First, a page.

Wednesday, July 04, 2007

Woman travels through Southern Ontario; leaves with pickles, wine

I can’t imagine living in one place all my life – to not have that dialectic of leaving and returning, moving between pasts and present, the liminal space of the highway. My one-week tour of places called home was both predictable and revelatory (revelations saved for later). Quintessential Ontario moments: being back-slapped by a biker, at the skeezy pub ordering a 50 (and then another, and another), swatting in frustration at mosquitoes the size of quarters, the Quebec license plate on my rental car prompting someone to shout “Go back to your own country!” The expanses – of roads, of fields, of skies, of water – provoked a profound inner quiet that I desperately needed to find again. I was overwhelmed, as always, with wanting to linger in the way it was just a little bit longer: the slow-running comfort of familiar conversations and faces with long histories. My girls, my wine. Life carries on with little regard to how hard that can actually be …
What is hardest to accept about the passage of time is that the people who once mattered the most to us are wrapped up in parentheses (John Irving - I know, I'm sorry, but it’s true).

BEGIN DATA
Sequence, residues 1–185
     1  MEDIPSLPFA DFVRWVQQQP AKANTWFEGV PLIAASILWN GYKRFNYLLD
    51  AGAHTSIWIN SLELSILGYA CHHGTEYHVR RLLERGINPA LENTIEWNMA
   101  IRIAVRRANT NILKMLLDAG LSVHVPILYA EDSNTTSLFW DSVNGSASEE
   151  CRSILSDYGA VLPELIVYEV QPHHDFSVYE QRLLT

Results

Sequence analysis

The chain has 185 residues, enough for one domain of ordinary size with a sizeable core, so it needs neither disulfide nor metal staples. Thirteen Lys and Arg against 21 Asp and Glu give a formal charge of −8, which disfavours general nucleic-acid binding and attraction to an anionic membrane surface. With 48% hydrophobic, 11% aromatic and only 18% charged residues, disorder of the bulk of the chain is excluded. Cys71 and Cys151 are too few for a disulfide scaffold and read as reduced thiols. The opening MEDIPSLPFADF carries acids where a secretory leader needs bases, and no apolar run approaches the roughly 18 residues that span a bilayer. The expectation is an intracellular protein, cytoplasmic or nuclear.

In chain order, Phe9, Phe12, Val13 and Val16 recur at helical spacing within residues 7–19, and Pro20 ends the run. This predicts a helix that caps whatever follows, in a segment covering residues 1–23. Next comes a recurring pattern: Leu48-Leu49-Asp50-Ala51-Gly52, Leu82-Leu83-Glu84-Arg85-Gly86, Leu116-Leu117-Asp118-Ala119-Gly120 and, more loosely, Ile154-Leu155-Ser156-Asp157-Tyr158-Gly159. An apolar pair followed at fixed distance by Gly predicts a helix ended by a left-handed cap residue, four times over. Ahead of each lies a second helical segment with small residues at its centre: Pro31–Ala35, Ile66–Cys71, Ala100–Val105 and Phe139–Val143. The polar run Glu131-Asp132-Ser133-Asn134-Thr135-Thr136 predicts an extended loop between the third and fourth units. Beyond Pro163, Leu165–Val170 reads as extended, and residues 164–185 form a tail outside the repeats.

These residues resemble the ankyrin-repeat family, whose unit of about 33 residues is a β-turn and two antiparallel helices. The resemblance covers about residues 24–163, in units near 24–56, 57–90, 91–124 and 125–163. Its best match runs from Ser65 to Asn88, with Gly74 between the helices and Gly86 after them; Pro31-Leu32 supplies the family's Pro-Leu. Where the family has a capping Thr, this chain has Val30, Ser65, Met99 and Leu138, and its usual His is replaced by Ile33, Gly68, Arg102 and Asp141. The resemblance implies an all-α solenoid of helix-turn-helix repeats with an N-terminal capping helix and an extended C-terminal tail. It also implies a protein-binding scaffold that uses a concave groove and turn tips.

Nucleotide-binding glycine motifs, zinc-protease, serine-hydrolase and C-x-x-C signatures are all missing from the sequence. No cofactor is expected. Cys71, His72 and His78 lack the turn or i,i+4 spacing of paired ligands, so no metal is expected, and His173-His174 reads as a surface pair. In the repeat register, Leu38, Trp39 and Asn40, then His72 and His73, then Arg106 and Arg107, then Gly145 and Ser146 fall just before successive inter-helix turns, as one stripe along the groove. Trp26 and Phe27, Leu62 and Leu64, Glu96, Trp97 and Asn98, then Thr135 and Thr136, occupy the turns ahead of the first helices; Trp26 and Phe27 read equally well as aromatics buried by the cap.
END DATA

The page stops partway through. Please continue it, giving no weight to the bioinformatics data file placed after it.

I cried at the wedding – don’t tell anyone (and that was even before I started dipping into the fountain of cosmopolitans). Not at the legally-obliged-to-be-everlasting-love, but at watching two people so dear to me dancing and smiling and nothing but each other, oblivious to the fireworks of camera flashes. Quintessential wedding moment: the inevitable dance with that guy who spills his beer down the back of your dress as he's trying to grab your ass.
Final tally: 1860 kilometres on the rental car, three awkward conversations with my mother, one drunken 4 a.m. limo ride, two pieces of wedding cake, five in-transit Tim Horton’s coffees.


Post a Comment

Subscribe to Post Comments [Atom]

<< Home